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Cold brew teas  

As consumers look to reduce their intake of carbonated soft drinks (CSD’s) and cut down on alcohol, drinking turns mindful, tea is proving a popular alternative to high sugar soft drinks and alcoholic beverages. Consumers want products that help them live better; whether they are stress-relieving, antioxidant boosting, immune boosting or weight loss aiding. Exotic blends and adaptogens will continue to be formulated into cold brew and iced teas as growing interest in global flavors continues to grow.  

Consumer desire for clean, natural and real ingredients has fueled the use of floral flavor applications in the food and beverage industry. A growing number of products communicate the natural infusion of floral flavors, targeting low-sugar and low-calorie demands or targeting seasonal goods by associating flowers to the time of year.  For example, Innova Market Insights reports a 31 percent increase in average annual growth of food and beverage launches with lavender flavor (Global, 2013-2017).

Speaking to FoodIngredientsFirst, during Food Matters Live at the end of last year, Charlotte Catignani, Treatt’s Research and Development Manager, believes that citrus flavors will continue to make waves in the soft drink industry and unusual citrus fruits will begin to dominate shelf space this year. 

“We expect to see more variations on citrus flavors, such as pink tiger lemon, Indian citrus flavors and more tea flavors, which are always developing and gaining further interest,” she comments.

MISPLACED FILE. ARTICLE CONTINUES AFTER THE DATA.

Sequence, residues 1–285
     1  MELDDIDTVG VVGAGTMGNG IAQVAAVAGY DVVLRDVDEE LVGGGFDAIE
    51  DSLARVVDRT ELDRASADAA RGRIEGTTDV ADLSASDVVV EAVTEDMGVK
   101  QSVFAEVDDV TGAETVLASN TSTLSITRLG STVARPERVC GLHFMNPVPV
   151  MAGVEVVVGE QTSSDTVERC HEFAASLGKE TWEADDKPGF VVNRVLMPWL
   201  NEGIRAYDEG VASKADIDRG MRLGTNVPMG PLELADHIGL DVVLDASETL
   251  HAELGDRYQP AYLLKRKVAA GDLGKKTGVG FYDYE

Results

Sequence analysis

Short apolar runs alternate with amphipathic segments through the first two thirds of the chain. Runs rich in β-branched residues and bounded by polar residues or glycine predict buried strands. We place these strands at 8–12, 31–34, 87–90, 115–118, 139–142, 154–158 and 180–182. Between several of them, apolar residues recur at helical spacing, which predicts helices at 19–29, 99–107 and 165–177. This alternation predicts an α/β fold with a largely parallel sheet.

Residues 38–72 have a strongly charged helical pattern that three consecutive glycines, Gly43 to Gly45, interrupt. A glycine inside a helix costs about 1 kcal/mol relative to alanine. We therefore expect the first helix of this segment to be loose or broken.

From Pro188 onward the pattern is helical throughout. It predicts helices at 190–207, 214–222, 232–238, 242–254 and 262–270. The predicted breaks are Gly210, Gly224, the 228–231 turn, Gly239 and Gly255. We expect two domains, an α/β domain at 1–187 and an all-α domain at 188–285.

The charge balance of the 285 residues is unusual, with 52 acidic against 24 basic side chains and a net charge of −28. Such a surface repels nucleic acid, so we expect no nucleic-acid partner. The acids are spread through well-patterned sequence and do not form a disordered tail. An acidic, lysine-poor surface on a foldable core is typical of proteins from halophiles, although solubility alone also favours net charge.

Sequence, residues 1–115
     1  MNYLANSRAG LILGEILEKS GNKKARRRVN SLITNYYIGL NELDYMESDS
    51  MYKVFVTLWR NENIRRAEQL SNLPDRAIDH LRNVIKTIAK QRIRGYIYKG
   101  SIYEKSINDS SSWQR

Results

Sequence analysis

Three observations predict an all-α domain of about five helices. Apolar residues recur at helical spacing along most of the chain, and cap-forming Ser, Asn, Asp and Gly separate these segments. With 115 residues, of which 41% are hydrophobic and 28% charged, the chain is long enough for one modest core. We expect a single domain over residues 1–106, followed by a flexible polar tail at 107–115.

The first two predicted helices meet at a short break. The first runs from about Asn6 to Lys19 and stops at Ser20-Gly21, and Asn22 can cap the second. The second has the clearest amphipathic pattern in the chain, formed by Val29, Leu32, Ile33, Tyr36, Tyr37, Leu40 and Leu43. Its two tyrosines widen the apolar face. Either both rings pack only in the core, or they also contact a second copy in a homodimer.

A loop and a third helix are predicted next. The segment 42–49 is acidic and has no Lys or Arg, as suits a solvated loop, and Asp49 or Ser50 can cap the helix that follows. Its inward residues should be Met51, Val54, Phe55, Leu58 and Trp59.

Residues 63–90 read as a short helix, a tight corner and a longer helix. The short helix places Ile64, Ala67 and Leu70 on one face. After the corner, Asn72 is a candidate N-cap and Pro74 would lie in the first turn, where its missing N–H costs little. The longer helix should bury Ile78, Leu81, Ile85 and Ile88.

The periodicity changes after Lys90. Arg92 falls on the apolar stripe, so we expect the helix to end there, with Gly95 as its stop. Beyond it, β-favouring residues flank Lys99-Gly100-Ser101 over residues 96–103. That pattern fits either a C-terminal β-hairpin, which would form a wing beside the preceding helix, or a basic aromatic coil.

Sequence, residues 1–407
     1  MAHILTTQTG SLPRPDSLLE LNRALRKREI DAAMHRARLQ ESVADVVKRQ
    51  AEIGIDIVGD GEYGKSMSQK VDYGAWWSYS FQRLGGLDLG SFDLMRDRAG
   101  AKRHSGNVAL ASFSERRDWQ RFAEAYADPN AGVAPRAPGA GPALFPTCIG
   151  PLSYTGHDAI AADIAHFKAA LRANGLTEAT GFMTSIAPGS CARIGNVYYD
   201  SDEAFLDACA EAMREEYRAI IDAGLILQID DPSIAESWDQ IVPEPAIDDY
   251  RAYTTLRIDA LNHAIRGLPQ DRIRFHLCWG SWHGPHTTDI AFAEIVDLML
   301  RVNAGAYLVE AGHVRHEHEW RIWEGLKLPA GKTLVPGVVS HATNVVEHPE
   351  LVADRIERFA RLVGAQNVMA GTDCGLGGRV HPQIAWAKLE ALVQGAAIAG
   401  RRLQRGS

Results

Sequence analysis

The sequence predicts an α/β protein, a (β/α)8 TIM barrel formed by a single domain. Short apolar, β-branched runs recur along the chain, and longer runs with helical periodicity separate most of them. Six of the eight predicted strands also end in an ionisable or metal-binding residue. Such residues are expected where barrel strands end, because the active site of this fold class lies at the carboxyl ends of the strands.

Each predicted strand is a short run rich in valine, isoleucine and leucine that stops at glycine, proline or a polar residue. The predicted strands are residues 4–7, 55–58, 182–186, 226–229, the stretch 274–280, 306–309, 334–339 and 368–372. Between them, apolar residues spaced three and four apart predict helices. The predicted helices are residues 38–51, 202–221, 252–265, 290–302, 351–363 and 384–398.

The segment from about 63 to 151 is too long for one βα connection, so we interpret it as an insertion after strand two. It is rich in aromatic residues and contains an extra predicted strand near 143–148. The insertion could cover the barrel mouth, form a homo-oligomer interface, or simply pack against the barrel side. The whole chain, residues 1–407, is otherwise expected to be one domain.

Water plus 

The functional water category continues to grow, driven by health-conscious consumers, added vitamins, minerals, collagen and natural caffeine are just a few of the examples of added functionality in this space. In the unsweetened beverage category, flavors such as citrus fruit will remain strong, according to Treatt.

As health-conscious consumers are increasingly looking for light and fresh goods and associating flavors are gaining momentum, lemon, mint and lime flavors will continue to freshen-up a wide range of categories and hints of flavors that provide a subtle refreshment. Innova Market Insights reports a 21 percent increase in average annual growth of food and beverage launches with mint and menthol flavors (Global, 2013-2017).

The future is fermentation  

Digestive health is a significant trend and is yet to reach its full potential. As consumers strive to achieve overall wellness, highly processed is being disregarded. This is as natural processes such as fermentation are becoming a popular method for preservation as well as to keep clean label claims. Probiotic beverages such as milk and water kefir as well as vinegar-based beverages are continuing to emerge on the shelves, with kombucha expected to be the next go-to mixer.